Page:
Vernadsky Vladimir

Ivanovich

1863-1945

VERNADSKY, Vladimir Ivanovich (b. March 12, 1863, St. Petersburg; d. January 6, 1945, Moscow) – Russian polymath; author in new science disciplines and fields – genetic mineralogy, geochemistry, radiogeology, biogeochemistry, cosmochemistry, meteoritics, doctrine of natural waters, biosphere and noosphere, the greatest organizer and historian of science, original philosopher and thinker. Vernadsky’s ideas, because of their heuristicity, continue to define not only the development of globalistics, but also many other fields of contemporary science. Vernadsky was the founder of many scientific schools, academician of the Petersburg Academy of Sciences (1912), Russian Academy of Sciences (1917), Academy of Sciences of the USSR (1925), founder and first president of the Academy of Sciences of Ukraine (1919). He was one of the founders and chair- man of the Commission for Study of Natural Productive Forces (1915–30). He was organizer and director of the Radium Institute (1922–39), and the Biogeochemical Laboratory (1928) (now the Institute of Geochemistry and Analytical Chemistry which is named after him).

During the pre-revolutionary period, he actively participated in the liberation movement, and was one of the founders and leaders of the Union of Liberation, a member of Country Movement of the late nineteenth and early twentieth century, a member of the Constitutional Democratic Party (1905), in 1917 becoming a member of its Central Committee. In August–October 1917 he was Comrade (Deputy) Minister of People’s Education of the Interim Government.

The main direction of Vernadsky’s natural science interests is the development of the holistic theory of biosphere – the Earth sphere, in which the overall activity of living organisms, including humans, is presented as a geo- chemical factor of planetary scale and significance. The next evolutionary stage of biosphere is noosphere (the sphere of mind) – a qualitatively new form of organization of the biosphere arising from the interaction of nature and society which as a result transforms the world of human creativity, based on scientific thought.

Anthropogenic human activity becomes, according to Vernadsky, the decisive factor of development, a powerful force comparable in its impact on nature to geological processes. Vernadsky’s theory about the relationship between nature and society made a decisive impact on the formation of contemporary environmental consciousness; it became the theoretical basis for environmental protection activities. The principal points of the noosphere concept can be summed up as the theory of historical process.

Notions of “biosphere” and “noosphere” (misunderstood and not properly used while Vernadsky was alive) increasingly determine the intellectual climate today.

Various fields of social consciousness now recognize the value of the Earth’s biosphere, its uniqueness in the solar system and its decisive importance for humanity. The traditional system of values and the basis for human activities are reinterpreted, with noosphere views being used for judging socio-economic and technological development perspectives regarding material and spiritual culture in general. Throughout Vernadsky’s life his ideology changed, developed, and became enriched, but it was always a holistic natural-scientific system of beliefs based on common theoretical grounds. A substantial part of his research comprises philosophical and methodological issues, the variety of spatiotemporal states of matter, structure, and properties of time, the logic of experimental and observing sciences, the ratio between theoretical and empirical in scientific knowledge, the nature of the scientific worldview, the history and organization of science and rules of its development, the philosophy of natural science, the interaction of natural science and philosophy, the social functions of science, and the ethics of scientific creativity. Vernadsky was one of the founders of Russian cosmism – a system based on the idea of the inner unity of man and the cosmos, in which natural-historical, natural (in the sense of cosmic), and socio-humanitarian human tendencies of science’s development are harmoniously blended into one entity.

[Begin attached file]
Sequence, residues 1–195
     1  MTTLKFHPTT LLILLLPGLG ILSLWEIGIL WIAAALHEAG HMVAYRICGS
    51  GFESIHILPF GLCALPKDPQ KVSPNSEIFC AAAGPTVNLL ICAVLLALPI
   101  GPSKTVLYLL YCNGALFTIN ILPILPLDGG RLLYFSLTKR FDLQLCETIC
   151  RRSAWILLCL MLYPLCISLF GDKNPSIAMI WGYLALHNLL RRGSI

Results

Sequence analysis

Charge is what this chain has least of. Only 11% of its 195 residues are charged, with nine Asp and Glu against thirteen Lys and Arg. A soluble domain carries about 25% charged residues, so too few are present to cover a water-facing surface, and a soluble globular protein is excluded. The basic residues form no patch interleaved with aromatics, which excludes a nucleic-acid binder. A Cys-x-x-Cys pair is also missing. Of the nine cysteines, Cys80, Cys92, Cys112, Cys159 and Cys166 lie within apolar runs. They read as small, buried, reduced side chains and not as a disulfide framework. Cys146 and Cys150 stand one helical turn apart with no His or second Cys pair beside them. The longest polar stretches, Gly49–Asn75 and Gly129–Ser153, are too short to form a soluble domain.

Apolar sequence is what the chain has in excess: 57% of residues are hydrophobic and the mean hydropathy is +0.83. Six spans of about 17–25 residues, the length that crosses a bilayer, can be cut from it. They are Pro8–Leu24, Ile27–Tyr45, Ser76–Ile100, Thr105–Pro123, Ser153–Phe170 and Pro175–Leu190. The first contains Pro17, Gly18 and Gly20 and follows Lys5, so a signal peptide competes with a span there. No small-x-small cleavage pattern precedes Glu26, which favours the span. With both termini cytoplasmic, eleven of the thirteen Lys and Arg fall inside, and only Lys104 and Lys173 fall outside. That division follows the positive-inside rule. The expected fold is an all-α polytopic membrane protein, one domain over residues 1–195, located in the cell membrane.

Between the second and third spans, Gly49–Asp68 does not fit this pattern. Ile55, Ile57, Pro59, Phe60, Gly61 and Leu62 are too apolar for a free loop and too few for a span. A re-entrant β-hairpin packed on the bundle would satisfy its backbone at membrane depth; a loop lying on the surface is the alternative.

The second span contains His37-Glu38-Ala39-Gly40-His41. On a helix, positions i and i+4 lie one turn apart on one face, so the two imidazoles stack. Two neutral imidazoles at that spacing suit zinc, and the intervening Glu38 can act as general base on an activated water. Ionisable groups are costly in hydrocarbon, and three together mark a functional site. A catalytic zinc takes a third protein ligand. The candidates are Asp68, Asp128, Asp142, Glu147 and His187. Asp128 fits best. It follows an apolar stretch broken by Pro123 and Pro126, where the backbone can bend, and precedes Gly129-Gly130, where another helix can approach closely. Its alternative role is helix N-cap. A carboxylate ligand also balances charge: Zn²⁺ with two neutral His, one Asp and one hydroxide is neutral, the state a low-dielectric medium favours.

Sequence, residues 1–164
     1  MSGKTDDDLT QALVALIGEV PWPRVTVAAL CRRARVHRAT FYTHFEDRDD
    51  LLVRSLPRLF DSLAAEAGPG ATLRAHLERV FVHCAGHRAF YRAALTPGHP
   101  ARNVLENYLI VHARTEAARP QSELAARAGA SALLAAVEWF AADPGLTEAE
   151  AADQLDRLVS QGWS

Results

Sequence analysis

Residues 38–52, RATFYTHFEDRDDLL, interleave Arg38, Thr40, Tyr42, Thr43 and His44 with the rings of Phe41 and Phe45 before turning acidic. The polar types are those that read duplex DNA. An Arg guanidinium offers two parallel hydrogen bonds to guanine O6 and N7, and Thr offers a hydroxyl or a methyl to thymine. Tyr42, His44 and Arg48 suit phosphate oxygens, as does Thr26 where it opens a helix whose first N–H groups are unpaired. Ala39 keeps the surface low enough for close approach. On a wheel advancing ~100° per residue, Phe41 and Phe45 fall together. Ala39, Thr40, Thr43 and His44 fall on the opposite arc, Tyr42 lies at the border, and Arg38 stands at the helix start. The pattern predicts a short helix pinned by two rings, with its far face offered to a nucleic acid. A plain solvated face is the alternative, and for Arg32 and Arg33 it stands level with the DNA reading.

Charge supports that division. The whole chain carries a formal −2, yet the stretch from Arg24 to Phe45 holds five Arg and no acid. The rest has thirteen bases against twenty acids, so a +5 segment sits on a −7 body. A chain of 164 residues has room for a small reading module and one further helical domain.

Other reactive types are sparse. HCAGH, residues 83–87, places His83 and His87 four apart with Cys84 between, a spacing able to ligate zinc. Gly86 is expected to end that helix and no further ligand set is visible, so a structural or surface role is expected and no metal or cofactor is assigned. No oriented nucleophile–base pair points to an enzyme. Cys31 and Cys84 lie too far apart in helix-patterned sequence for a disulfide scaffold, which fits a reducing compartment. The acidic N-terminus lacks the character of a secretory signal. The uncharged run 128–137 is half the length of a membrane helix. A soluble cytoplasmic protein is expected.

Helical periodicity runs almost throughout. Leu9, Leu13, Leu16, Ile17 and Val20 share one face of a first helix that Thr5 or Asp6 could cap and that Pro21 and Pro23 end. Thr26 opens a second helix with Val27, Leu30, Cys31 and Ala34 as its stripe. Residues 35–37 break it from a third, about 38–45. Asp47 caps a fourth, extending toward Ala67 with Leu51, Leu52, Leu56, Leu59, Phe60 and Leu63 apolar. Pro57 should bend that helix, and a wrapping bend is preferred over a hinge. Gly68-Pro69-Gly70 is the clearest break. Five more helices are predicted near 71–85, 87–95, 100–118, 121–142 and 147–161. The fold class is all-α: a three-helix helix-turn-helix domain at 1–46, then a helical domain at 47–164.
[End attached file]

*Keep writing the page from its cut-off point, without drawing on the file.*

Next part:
Works: Works and Speeches, p. 1922, Issues 1–2; Correspondence with B.L. Lichkov, Books 1–2 (Moscow, 1979–80); Scientific Thought as a Planetary Phenomenon (Moscow, 1991); Library of Works of Academic V.I. Vernadsky; Chief Editor of the Academy A.L. Yanshin. M, 1992–2000; Living Material and Biosphere (Moscow, 1994); Works on Philosophy of Natural Science (Moscow, 2000); Chemical Structure of Earth Biosphere and Its Environment (Moscow, 2001).

Lit.: B.L. Lichkov, V.I. Vernadsky (Moscow, 1948); Life and Work of V.I. Vernadsky from the Memories of His Contemporaries (to the 100th Anniversary of His Birth) (Moscow, 1963); I.I. Mochalov, Vladimir Ivanovich Vernadsky (1863–1945) (M, 1982); R.K. Balandin, Vernadsky: Life, Thought, Immortality (Moscow, 1988); L.I. Gumilevsky, Vernadsky (Moscow, 1988); “Vladimir Ivanovich Vernadsky,” Materials to Scientists’ Bio-Bibliography (Moscow, 1992); Vladimir Vernadsky: Collection (Moscow, 1993); G.P. Aksenov, Vernadsky (Moscow, 1994);